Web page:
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Columbia TriStar Home Video presents
The Mystic Masseur (2001)

"A time and place of magic and miracles."
- Tagling

Review By: Joel Cunningham   
Published: March 24, 2003

Stars: Om Puri, James Fox, Aasif Mandvi, Sanjeev Bhaskar
Other Stars: Ayesha Dharker, Jimi Mistry, Zohra Segal, Sakina Jaffrey
Director: Ismail Merchant

Manufacturer: DVDL
MPAA Rating: PG for mild language
Run Time: 01h:58m:00s
Release Date: February 25, 2003
UPC: 043396001923
Genre: drama


Style
Grade
Substance
Grade
Image Transfer
Grade
Audio Transfer
Grade
Extras
Grade
B+ C+A-B D-

DVD Review

Ismail Merchant, more often the producing part of the Merchant-Ivory team, takes over the directing reins with The Mystic Masseur, the lighthearted story of an aspiring Indian author who became a famous healer in 1940s-era Trinidad, the Indian community that was ruled by the British Empire and established to provide cheap labor in the West Indies.

Ganesh (Aasif Mandvi) is a schoolteacher preoccupied with reading to the point of distraction. He fancies himself an intellectual, and when a friend tells him he ought to write his own book, he becomes convinced that he will soon produce a work of art. His simplistic tomes (101 Questions About the Hindu Religion) do little to increase his fame—particularly considering that they are printed on shoddy paper and distributed by hand, mostly to begrudging family members. Desperate to make a name for himself, Ganesh takes up the mantle of his father, renowned as a masseuse with healing hands, and constructs the persona of a mystic, able to chase away spirits and cure aches and pains.

Mandvi's Ganesh isn't a manipulator, and he isn't trying to dupe people. His wide-eyed enthusiasm and ambition aren't in any way malicious; he is simply someone who has put too much faith into his meager talents, and has listened too closely to the praise of his family and friends. Much of the humor in the story comes from the scheming of his wife Leela (Ayesha Dharker), who has the good sense to cash in on her husband's fame by arranging for her father, Ramlogan (Om Puri), to purchase the cabs that transport the people to Ganesh's hard-to-reach home. Ganesh is furious when he discovers his wife's scheme, and only furthers his longstanding feud with his father-in-law (begun when Ramlogan took great offense when Ganesh did not dedicate his first book to him).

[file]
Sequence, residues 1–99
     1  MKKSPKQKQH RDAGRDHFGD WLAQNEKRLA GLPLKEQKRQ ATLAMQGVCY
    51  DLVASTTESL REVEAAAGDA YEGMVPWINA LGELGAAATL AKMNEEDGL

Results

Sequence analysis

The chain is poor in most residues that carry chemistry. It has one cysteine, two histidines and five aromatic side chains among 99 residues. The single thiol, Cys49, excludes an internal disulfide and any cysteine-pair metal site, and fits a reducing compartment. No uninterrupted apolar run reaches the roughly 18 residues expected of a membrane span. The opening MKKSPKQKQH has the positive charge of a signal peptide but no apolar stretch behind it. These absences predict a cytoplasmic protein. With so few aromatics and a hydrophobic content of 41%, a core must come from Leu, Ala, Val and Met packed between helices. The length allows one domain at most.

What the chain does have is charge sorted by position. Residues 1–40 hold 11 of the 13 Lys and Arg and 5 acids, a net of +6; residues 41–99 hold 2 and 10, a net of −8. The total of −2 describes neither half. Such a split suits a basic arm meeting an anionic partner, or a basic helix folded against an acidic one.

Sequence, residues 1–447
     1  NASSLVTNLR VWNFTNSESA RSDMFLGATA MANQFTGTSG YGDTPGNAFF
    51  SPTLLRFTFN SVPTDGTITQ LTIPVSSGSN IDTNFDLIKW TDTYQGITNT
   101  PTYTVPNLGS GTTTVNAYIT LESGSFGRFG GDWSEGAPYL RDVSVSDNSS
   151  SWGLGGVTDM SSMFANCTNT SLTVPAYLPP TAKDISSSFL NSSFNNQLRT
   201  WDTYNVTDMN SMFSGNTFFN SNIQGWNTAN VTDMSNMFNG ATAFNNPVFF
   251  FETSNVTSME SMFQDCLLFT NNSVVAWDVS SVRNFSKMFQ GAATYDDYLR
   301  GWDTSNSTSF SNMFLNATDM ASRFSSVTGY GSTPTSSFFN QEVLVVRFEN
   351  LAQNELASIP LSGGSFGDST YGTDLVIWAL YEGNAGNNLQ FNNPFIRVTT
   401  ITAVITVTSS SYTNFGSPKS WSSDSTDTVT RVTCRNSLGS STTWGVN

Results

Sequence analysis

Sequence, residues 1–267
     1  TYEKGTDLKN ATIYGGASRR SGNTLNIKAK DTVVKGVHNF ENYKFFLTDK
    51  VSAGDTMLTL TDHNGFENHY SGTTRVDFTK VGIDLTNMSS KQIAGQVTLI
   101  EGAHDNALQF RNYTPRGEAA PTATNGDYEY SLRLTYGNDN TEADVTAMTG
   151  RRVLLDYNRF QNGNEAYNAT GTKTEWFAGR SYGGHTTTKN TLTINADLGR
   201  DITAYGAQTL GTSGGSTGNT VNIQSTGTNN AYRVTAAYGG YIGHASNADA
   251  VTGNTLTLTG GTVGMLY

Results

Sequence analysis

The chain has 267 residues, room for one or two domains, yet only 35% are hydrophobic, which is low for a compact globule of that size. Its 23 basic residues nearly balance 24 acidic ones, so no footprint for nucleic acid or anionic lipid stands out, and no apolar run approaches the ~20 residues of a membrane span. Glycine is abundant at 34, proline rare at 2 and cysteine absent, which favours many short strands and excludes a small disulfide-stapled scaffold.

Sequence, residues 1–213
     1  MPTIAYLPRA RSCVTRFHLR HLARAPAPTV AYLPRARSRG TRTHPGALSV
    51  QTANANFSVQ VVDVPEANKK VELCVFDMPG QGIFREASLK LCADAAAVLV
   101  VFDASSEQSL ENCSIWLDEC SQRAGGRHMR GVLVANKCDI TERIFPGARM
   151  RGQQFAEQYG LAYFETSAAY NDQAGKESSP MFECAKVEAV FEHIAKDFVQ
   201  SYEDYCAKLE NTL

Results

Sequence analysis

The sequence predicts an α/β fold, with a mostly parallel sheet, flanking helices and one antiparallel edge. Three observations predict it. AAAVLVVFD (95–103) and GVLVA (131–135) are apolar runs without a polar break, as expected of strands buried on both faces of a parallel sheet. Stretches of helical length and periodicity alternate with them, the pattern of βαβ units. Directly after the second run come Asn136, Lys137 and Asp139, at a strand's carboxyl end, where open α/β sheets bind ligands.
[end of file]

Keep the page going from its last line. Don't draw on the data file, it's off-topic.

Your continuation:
The family drama and the emphasis on Indian culture and tradition forms the heart of the story, which is a relief, as Ganesh's journey is certainly not a happy one. Well-established as a local wise man, he is elected to Parliament, but in the city, his homespun wisdom has little effect; he is soon labeled a charlatan and shipped off to Oxford as part of a cultural exchange program. The movie is told largely in flashback, narrated by a young Indian man studying at Oxford who was healed by Ganesh at a young age. When he meets the defeated mystic at the train in England, he discovers not the larger-than-life sage he remembered, but a broken dreamer, consumed and discarded by the British Colonial system.